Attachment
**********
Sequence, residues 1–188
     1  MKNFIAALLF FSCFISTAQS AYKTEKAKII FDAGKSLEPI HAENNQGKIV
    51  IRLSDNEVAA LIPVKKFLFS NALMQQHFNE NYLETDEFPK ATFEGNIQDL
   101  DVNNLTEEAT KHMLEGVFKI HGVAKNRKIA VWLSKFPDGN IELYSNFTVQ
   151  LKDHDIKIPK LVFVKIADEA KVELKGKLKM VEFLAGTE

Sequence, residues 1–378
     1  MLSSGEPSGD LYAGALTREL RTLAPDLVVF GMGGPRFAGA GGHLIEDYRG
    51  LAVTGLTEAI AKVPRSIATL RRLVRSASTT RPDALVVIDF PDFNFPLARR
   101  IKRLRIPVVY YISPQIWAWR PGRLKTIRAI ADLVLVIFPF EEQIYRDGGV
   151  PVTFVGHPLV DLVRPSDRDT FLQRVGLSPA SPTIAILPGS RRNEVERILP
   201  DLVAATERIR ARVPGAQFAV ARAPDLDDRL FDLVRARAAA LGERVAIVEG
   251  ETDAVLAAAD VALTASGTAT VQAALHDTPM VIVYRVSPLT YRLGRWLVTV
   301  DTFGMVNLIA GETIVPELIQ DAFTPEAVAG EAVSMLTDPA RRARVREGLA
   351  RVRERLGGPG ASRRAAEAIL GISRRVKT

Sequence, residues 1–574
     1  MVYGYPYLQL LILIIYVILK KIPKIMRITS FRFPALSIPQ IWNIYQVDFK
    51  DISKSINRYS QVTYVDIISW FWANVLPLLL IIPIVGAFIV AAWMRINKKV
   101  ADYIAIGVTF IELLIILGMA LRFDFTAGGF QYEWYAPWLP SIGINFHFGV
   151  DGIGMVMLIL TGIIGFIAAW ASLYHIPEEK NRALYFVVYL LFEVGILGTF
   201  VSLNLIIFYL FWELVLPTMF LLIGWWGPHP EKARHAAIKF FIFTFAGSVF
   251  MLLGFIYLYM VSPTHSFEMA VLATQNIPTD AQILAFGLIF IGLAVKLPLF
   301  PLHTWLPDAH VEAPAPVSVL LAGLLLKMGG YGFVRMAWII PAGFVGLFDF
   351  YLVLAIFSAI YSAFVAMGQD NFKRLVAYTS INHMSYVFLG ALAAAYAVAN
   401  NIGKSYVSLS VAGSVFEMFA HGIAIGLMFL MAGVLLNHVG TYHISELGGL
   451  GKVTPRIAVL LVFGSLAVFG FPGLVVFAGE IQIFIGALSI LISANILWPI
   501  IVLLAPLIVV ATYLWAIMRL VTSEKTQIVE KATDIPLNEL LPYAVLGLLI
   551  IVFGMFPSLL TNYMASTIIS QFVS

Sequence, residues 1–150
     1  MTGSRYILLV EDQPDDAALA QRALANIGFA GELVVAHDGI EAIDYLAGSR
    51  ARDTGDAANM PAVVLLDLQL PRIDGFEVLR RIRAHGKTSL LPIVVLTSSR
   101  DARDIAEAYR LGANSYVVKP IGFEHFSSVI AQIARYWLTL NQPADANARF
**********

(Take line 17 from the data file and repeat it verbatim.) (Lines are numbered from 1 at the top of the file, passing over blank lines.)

    51  DISKSINRYS QVTYVDIISW FWANVLPLLL IIPIVGAFIV AAWMRINKKV